Pipe Bands and youtube

July 7, 2009 on 10:31 am by Michael Grey | In Pipe Bands | Comments Off on Pipe Bands and youtube

Last Saturday I had a brief conversation with a well-known judge about pipe bands and the internet. We both agreed that the internet – and youtube.com in particular – is changing the way pipe bands are perceived. And its not just the punter’s perception but also that of judges and how they view a band’s capability. It’s a remarkable thing.

A band keen to be heard (read that as a euphemism for “to be seriously considered for a prize”) had better have their shit together on the competition field at any event before a major. We know the current drill: 1 – punter lines up camera and mic on contest field [wouldn’t it be great to have to say “contest stage’!] 2 – band competes, punter records 3 – within hours the recording is posted on youtube (and copyright is broken all over the place – that’s for another day) 4 – anonymous internet pronouncements cast judgement, on the band’s performance and the capability and integrity of the judges.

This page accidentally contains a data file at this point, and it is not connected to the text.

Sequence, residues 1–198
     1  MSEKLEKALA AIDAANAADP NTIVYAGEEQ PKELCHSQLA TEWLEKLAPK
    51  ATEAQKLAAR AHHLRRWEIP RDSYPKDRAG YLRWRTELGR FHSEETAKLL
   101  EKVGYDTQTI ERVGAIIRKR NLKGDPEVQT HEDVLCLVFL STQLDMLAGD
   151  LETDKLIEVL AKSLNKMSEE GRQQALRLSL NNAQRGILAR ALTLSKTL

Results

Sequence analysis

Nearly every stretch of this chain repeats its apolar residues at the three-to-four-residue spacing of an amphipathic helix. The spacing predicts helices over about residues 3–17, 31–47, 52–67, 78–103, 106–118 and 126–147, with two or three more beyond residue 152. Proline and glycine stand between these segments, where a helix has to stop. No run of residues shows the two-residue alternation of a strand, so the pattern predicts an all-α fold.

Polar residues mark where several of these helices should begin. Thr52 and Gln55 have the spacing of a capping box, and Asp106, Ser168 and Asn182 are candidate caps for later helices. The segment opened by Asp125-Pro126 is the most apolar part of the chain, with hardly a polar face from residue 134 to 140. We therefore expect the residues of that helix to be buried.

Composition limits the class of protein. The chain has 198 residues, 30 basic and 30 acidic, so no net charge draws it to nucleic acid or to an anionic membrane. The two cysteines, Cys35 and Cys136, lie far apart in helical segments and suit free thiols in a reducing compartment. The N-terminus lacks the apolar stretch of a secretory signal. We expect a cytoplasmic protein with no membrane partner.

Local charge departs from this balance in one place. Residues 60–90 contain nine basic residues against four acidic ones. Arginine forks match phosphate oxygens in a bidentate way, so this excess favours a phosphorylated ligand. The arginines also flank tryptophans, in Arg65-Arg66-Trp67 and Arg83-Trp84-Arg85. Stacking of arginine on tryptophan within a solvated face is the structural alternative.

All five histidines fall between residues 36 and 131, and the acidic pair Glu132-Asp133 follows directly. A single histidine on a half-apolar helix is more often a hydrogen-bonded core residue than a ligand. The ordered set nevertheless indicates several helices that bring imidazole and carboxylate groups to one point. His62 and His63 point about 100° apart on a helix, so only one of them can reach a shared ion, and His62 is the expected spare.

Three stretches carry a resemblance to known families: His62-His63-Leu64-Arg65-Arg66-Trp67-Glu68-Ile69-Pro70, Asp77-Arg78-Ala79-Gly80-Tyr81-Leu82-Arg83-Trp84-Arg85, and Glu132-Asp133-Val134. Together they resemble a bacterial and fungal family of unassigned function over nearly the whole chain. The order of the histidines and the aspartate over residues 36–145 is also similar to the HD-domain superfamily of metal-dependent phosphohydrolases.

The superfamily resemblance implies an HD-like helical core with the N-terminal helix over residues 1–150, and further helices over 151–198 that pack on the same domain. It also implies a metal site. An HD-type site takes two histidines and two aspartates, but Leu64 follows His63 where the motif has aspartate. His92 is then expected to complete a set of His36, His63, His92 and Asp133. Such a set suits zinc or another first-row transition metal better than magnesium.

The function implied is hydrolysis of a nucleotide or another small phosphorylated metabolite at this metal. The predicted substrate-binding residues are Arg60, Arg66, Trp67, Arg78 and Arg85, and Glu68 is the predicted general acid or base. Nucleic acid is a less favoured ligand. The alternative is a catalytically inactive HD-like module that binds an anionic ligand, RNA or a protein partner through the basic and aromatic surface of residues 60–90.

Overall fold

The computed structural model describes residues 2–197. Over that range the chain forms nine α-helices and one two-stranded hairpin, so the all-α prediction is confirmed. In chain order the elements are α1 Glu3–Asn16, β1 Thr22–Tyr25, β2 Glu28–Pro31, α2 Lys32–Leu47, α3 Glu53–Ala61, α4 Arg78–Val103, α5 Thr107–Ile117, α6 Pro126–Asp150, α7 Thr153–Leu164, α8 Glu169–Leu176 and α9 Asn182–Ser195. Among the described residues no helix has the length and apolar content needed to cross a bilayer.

The role of pipe band judge is a hard one to fill. It’s probably made that bit more difficult in the context of youtube-generated chatter and the resulting “buzz”. Woe betide the judge who overlooked the side of the band that was recorded and the blooter-fest that filled that corner of the field: it’s a good old-fashioned internet head-offing for that guy. Conversely, the pipe band that comes off less-than-fantastic is relegated to a 1000 more hours in the practice hall – or worse.

As an experienced judge I know that in the context of fair band assessment its incredibly important to take into account where one stands to listen. One person just can’t take in the mechanics and inner-workings of the whole performance at any one time. Yes, the overall effect can be assessed from one stance, but only in the context of that perch. For instance, the overall effect of a band might be assessed from the “top” of the circle (to the percussionist: “heavy on pipes”) or, perhaps from the bottom of circle (to the piper: “heavy on drums”).

I suppose this is all to say, if we’re using youtube recordings as our guide, and interested in making accurate assessments of a band’s performance (or judge’s assessment) we need to be mindful of the accuracy of youtube-like recordings. The quality and limited range of many amateur recording tools and the serious sound compression that occurs with youtube uploading are only two considerations.

Anyway, fat chance dodgy internet recordings will ever temper the pipe band fanatic’s need to sit in his wired garret and anonymously sound off.

It is an interesting phenomenon, though, isn’t it.


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